MIT Faculty Newsletter  
Vol. XVII No. 5
May/June 2005
Provost Responds to
Professor Postol's Allegations
International Students and Scholars:
A Legacy for MIT and the U.S.
Lorna Gibson New Chair of the Faculty
Back to the Future
Academic Expectations
Strengthening TA Training
Faculty Mentor Program:
A Growing Success
Advising and Mentoring of Undergraduates
Mission to Banda Aceh:
Excerpts from a Journal
Summer Without Summering;
Slave Huts, Bonaire
The Purpose of Poetry
Survey Says:
Faculty Approve of Updated Lunch Program
Alumni Attitudes and Involvement
Tenure and Promotion
[from the 2004 Faculty Survey]
Have you ever considered leaving MIT? [from the 2004 Faculty Survey]
Printable Version

Advising and Mentoring of Undergraduates

J. Mark Schuster and Hazel Sive

To get the most from their experiences at MIT, students rely on faculty, staff, and peers for guidance on issues ranging from academics to personal development. In recognition of the importance of providing good guidance, the Institute faculty requested (at its meeting of May 15, 2002) that the Committee on the Undergraduate Program (CUP) and the Committee on Student Life (CSL) undertake a joint effort to consider upperclass undergraduate advising and mentoring at MIT and to make recommendations to the faculty. The results of this joint effort are outlined in a report, which can be found online at:

Principles and Recommendations

We quickly realized that, tempting though it is, we cannot simply exhort the faculty to commit more time to advising and mentoring. We are all busy people with multiple and conflicting commitments. Accordingly, our report is built around two principles:

  • Advising and mentoring constitute a continuum of interactions among everyone on campus: faculty, university administration, staff, athletic coaches, activity advisors, and students themselves.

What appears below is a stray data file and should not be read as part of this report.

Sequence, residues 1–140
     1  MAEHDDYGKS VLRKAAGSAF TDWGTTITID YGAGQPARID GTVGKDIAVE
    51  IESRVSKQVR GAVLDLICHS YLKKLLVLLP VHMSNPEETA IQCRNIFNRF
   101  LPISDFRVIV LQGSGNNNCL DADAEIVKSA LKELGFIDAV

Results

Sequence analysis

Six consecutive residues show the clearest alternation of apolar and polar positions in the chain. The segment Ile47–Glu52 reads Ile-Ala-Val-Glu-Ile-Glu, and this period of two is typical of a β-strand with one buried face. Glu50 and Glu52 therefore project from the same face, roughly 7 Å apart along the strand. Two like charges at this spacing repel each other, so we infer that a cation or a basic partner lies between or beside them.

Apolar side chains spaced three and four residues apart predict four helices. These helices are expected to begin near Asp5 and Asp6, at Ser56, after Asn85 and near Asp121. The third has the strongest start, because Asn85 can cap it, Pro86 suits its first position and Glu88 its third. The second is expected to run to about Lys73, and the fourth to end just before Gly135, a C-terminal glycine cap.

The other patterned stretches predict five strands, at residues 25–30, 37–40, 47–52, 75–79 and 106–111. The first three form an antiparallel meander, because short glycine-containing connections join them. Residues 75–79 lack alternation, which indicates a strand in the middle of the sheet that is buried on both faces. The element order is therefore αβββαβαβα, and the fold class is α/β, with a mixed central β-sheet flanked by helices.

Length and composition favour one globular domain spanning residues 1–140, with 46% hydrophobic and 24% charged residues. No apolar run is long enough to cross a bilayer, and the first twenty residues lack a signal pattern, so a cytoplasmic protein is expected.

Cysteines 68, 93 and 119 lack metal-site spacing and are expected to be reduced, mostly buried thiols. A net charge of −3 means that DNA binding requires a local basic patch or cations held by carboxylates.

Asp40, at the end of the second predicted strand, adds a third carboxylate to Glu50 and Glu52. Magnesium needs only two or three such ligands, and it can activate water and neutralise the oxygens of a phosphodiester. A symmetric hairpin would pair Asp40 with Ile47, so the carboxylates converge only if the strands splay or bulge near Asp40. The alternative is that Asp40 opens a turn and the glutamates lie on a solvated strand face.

• Effective advising and mentoring involves creating a mentoring network for each student.

Informed by these principles, the two committees have focused on making concrete recommendations that would improve the quality of faculty-student interaction, rather than simply adding more meetings.

It should be emphasized that presently there are some excellent upperclass advising practices at MIT, but advising quality across the Institute is variable and, overall, could be significantly strengthened.

The CUP/CSL report lays out broad principles for advising and mentoring, and discusses the roles of faculty in these activities. Recommendations made focus on strengthening the framework that underlies effective advising, including improving departmental support, expanding the program of associate advising, improving advisor training, restructuring registration activities, and smoothing the transition between freshman and departmental advising. (Click here for a sample of the recommendations that have been made.)

Among the activities that help us to provide a truly exceptional academic experience for our students are those that incorporate out-of-classroom interaction with others in the university community  - particularly faculty. The promotion of a network that includes staff and students notwithstanding, the faculty plays a critical role in advising and mentoring. These activities are fundamental to MIT's educational mission, and we must recognize and reward these activities accordingly. With this report, CUP and CSL hope to highlight conspicuously effective current initiatives and to stimulate changes that will allow best practices to proliferate across the undergraduate programs.

Next Steps

The final version of this report has received the endorsement of the current memberships of both the CUP and CSL. With the Committees' endorsement, the report has been presented to Academic Council, to the Task Force on the Undergraduate Educational Commons, to the Undergraduate Academic Officers, and to the Faculty Policy Committee, which has given its endorsement. The full report was presented to the faculty at the May 18, 2005 meeting. We invite your response to the recommendations of the report and would be particularly interested in hearing about your own advising experiences - good or bad. You can contact us at: and

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